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More than 7 in 10 Canadians support barring unvaccinated people from businesses: Nanos survey

More than 7 in 10 Canadians support barring unvaccinated people from businesses: Nanos survey
Canada
TORONTO -- More than seven in 10 Canadians support or somewhat support barring those who don’t have proof of vaccination from businesses where people are in close contact, according to a new Nanos survey.

The survey, conducted by Nanos Research in December 2020 and commissioned by CTV News, asked more than 1,000 Canadians 18 years of age and older if they would support, somewhat support, somewhat oppose, or oppose businesses (like airlines or movie theatres, where people are in close contact) having the right to bar a customer who does not have proof of vaccination.

In the results, 45 per cent of Canadians surveyed said they support the idea, 27 per cent said they somewhat support it, eight per cent said they somewhat oppose the idea, 16 per cent said they oppose it, and four per cent said they were unsure.

Support for the idea of barring individuals from businesses who don’t have proof of vaccination was most popular in Ontario, at 49 per cent and least popular in the Prairies, which had the highest percentage of those opposed to the idea at 21 per cent.

Canadians over the age of 55 were most likely to support the idea of barring people from businesses who don’t have proof of vaccination, with 57 per cent supportive, compared to those aged 18 to 34 who were 34 per cent supportive.

The survey also asked Canadians if they agree, somewhat agree, somewhat disagree, or disagree that with vaccines now being distributed in Canada, their lives will get back to normal by the end of 2021.

In the results, 22 per cent of Canadians survey agreed their lives would be back to normal by the end of 2021 due to the vaccines being distributed, 50 per cent somewhat agreed, 14 per cent somewhat disagreed, eight per cent disagreed and five per cent were unsure.

Quebec had the highest rate of people surveyed that agree, with 28 per cent, and the Prairies had the highest percentage of people who disagreed, at 11 per cent.

“Around 45 per cent of Canadians cite [the pandemic] as the top national issue of concern – unprompted,” Nik Nanos said on CTV News Channel Saturday, adding that sentiments can change on a dime as it’s “almost day-to-day, week-to-week” for provinces in the fight against the virus.

Aligning with those concerns, Nanos conducted another survey, commissioned by CTV News to assess whether or not Canadians supported the continued closure of the border between Canada and the United States.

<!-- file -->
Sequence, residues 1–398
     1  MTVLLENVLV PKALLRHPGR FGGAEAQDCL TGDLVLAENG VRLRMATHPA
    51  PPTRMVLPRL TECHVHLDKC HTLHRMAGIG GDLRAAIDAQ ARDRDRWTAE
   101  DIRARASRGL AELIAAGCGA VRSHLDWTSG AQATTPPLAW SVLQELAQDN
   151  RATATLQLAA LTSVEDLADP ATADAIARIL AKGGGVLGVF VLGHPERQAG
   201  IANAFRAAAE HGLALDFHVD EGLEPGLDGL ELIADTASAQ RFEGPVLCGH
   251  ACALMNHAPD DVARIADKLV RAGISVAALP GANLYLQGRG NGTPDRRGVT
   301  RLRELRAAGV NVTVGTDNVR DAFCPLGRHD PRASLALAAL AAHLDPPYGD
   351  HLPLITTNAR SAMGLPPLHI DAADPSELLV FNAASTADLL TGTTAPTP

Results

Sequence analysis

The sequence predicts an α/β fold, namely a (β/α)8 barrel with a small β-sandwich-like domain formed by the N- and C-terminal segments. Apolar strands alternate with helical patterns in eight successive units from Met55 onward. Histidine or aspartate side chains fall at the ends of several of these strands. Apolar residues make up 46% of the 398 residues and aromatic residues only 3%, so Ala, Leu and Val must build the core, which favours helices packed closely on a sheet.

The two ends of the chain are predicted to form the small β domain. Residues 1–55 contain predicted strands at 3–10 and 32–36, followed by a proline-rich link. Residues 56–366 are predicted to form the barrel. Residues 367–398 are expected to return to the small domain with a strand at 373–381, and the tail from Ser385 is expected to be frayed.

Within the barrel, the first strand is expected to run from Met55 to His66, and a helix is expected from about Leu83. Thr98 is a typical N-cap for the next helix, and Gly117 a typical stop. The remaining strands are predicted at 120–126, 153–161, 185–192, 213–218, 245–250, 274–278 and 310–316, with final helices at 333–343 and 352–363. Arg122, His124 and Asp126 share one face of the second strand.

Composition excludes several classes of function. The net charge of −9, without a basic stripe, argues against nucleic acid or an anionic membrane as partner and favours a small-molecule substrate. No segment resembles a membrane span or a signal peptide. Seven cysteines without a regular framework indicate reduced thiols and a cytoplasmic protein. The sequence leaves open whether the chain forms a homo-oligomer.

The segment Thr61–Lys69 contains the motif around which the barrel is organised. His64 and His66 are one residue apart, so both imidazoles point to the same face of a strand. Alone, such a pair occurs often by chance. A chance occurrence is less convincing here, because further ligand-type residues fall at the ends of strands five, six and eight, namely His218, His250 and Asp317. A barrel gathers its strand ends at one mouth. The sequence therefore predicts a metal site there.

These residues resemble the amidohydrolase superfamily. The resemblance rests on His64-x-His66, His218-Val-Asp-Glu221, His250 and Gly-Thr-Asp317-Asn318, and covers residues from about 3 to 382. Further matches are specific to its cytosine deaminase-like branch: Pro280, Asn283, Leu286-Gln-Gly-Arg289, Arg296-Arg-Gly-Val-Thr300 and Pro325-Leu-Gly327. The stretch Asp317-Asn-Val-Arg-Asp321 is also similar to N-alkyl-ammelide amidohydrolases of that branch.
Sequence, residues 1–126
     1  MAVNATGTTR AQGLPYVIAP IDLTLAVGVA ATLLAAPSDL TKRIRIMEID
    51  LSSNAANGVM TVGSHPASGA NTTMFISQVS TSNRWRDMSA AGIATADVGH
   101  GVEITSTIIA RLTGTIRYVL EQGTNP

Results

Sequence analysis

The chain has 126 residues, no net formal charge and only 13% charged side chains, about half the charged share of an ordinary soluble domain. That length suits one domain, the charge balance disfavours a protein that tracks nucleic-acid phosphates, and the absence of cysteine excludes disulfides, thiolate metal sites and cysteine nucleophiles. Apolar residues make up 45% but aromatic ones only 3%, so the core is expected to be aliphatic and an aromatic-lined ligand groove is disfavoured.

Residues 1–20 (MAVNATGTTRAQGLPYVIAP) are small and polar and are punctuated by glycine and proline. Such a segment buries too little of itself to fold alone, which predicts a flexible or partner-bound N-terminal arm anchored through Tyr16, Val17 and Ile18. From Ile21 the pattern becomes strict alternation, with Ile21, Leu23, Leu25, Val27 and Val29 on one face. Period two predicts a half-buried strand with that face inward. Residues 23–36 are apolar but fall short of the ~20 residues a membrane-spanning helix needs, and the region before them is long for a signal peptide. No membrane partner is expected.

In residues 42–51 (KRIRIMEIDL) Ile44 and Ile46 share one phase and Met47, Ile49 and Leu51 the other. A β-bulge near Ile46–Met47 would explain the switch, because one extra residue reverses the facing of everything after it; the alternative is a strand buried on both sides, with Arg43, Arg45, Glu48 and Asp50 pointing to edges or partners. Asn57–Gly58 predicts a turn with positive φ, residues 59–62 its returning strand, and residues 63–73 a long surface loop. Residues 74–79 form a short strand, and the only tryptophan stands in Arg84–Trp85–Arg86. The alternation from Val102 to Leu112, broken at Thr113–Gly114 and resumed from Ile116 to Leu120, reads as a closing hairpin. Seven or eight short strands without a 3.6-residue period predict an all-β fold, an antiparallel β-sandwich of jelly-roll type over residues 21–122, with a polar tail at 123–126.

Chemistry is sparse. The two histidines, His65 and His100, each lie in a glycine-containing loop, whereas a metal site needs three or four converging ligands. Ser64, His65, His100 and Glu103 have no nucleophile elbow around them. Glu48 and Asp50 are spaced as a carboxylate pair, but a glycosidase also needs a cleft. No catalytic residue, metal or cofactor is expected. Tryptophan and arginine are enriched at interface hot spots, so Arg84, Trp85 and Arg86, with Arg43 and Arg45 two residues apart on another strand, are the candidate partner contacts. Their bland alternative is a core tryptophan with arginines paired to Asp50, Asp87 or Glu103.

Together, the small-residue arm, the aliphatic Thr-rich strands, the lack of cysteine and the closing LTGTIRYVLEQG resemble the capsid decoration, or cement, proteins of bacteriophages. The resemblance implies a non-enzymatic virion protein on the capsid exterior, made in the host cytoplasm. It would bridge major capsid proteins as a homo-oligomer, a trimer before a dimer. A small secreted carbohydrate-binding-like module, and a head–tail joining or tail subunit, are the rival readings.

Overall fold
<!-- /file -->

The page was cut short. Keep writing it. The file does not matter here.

The survey found more than nine in 10 Canadians support or somewhat support keeping the border closed to non-essential travel until the number of cases in the U.S. significantly drops – even if that takes several months or longer.

In the breakdown of results, 80 per cent of Canadians surveyed supported the idea of keeping the Canada-U.S. border closed, 11 per cent somewhat support the idea, four per cent somewhat opposed it, four per cent opposed it and less than one per cent were unsure.

Support for keeping the Canada- U.S. border closed was highest in the Atlantic provinces, with 88 per cent in support of the idea – with the Prairies least in support of the idea with 71 per cent. The Prairies also had the largest percentage – seven per cent – of people who opposed the idea.

Canadians 55 plus represented the age group most supportive of keeping the border closed, with 85 per cent, compared to those 18 to 34 years of age with 74 per cent.

Currently, the Canada-U.S. border closure has been extended to at least Feb. 21, 2021.

Methodology

For both surveys cited above, Nanos conducted an RDD dual frame (land- and cell-lines) hybrid telephone and online random survey of 1,048 Canadians, 18 years of age or older, between December 27 and 30, 2020 as part of an omnibus survey. Participants were randomly recruited by telephone using live agents and administered a survey online. The sample included both land- and cell-lines across Canada. The results were statistically checked and weighted by age and gender using the latest Census information and the sample is geographically stratified to be representative of Canada.

Individuals were randomly called using random digit dialling with a maximum of five call backs. The margin of error for this survey is ±3.0 percentage points, 19 times out of 20.
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